On behalf the European United Left and Nordic Green Left, Takis Hadjigeorgiou (GUE/NGL, CY) said that the EU should show the same restraint in Ukraine as is being shown by other global players.

Borys Tarasyuk said that Ukrainians understood that it was up to them to defend their national interests; but that NATO played a very important role in wider European security. Tarasyuk noted that the country subjected a plan to join a NATO agreement in 2006 which was formally agreed in 2008 at the Ukraine Summit (April 3 2008, Bucharest). He said that he was a strong proponent of Ukraine joining both the EU and NATO. He said that cannot exclude a decision to join NATO from within the Ukrainian Parliament and such a declaration will be voted on March 4 2014 to see if there is political appetite for this.

He said that in Crimea, before the Russian invasion, they deposed the original Crimean government because they would not vote for further Russian integration; they have since been replaced by a Russian puppet administration on the grounds that the existing politicians were illegitimately elected. Russia is using political and military sabotage to gain power in the region he concluded.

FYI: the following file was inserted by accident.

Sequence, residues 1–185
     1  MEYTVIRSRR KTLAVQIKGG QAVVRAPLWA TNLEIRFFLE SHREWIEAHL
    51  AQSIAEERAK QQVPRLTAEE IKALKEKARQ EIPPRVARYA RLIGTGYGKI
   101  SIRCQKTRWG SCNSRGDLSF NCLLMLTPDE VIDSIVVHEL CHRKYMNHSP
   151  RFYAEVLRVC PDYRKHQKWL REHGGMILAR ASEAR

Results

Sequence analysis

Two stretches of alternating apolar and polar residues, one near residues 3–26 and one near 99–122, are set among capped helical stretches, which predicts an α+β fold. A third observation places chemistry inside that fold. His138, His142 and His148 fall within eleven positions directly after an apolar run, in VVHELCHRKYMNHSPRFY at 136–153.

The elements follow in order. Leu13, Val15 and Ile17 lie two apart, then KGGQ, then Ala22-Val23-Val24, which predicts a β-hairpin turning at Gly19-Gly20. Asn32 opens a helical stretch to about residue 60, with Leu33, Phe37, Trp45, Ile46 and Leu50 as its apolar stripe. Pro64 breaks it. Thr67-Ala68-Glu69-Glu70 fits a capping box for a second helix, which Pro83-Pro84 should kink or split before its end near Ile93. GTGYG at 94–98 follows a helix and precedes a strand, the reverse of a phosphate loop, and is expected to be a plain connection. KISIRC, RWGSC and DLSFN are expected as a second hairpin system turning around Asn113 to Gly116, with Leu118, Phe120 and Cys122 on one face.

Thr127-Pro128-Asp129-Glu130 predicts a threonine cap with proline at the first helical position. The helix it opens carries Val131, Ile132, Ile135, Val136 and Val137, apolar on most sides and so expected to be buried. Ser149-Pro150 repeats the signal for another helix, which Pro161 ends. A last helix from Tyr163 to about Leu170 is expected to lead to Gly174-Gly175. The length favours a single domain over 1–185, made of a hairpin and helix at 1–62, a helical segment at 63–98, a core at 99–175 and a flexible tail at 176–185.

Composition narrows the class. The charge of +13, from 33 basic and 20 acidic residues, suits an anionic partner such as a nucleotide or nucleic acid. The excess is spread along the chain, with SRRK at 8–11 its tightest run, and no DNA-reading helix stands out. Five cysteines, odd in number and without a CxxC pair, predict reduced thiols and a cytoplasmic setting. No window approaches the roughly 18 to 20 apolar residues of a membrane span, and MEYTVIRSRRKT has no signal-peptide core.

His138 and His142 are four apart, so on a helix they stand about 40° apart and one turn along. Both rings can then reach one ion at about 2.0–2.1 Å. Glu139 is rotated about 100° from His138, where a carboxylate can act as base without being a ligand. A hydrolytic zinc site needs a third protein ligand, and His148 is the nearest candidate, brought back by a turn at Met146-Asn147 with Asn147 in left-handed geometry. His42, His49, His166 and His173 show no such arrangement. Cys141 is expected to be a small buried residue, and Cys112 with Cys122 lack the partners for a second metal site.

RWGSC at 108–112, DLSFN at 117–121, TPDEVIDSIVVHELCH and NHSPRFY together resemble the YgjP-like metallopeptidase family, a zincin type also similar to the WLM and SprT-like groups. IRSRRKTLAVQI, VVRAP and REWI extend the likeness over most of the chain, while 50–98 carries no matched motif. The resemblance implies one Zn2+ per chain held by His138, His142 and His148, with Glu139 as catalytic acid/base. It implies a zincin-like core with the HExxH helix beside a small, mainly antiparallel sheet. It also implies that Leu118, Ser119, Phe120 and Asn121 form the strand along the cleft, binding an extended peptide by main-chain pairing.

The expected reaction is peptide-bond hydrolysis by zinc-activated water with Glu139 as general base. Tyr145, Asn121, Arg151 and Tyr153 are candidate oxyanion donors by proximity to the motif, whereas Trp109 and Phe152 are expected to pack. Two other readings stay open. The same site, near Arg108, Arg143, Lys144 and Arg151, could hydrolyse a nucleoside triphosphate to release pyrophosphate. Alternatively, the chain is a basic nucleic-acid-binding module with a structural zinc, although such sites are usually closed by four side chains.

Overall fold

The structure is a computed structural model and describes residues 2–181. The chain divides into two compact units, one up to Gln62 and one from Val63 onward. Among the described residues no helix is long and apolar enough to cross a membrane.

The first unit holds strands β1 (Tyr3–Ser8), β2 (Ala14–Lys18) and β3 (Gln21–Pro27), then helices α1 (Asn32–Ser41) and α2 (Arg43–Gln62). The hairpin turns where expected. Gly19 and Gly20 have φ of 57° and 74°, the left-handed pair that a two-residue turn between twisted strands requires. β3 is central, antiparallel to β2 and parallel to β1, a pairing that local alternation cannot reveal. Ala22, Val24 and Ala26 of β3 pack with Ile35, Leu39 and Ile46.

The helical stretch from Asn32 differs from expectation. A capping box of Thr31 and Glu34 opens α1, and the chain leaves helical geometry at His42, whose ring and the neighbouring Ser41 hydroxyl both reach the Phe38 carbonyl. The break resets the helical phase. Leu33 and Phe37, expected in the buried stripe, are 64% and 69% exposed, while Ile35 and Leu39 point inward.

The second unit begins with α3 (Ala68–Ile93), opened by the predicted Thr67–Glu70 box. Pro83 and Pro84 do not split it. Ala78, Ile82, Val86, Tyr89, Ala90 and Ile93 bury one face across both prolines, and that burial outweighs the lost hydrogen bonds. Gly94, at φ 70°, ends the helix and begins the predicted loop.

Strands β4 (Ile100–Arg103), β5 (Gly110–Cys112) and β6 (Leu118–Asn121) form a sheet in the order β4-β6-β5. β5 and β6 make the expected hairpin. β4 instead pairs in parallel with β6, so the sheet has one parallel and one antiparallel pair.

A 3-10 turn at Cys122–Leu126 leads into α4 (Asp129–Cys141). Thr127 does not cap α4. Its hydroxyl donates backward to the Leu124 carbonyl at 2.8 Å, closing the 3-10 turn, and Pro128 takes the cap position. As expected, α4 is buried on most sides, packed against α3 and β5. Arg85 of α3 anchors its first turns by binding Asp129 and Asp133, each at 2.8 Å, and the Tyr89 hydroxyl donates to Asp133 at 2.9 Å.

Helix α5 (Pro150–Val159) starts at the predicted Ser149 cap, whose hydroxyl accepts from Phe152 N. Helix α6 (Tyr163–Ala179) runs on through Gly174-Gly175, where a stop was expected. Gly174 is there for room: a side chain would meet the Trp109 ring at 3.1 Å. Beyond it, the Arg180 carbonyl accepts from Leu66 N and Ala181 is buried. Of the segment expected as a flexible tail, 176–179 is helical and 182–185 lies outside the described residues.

He said that minority groups in the Crimea are amongst the most pro-Ukrainian nationals for a number of reasons. He said that these included the protection afforded them under the Ukrainian state which would be unenforceable in a non-Ukrainian Crimea.

Addressing concerns over the association agreement with the European Union, he was surprised about the question because these assurances were discussed at length and had popular support from the Ukrainian people, just not the government. This has changed in Ukraine he said and now previous agreements must be honoured by all parties.

Answering the question from Charles Tannock (ECR, UK) he said that the Budapest assurances was the name given in English deliberately to avoid the suggestion of guarantees - these two words however are synonymous in Russian, Ukrainian and many other languages as well he explained. To Ukrainians this Memorandum therefore means guarantees.

Speaking on whether it was appropriate for Ukraine to sign the EU association agreement, he said that the move would cement and reward the Ukrainian people for coming out as so-pro democratic as well as offering prospective membership which is already being discussed in council; he agreed with Tannock that any Crimean referendum cannot be considered legitimate under Ukrainian law and will not be recognised by the Ukrainian Government.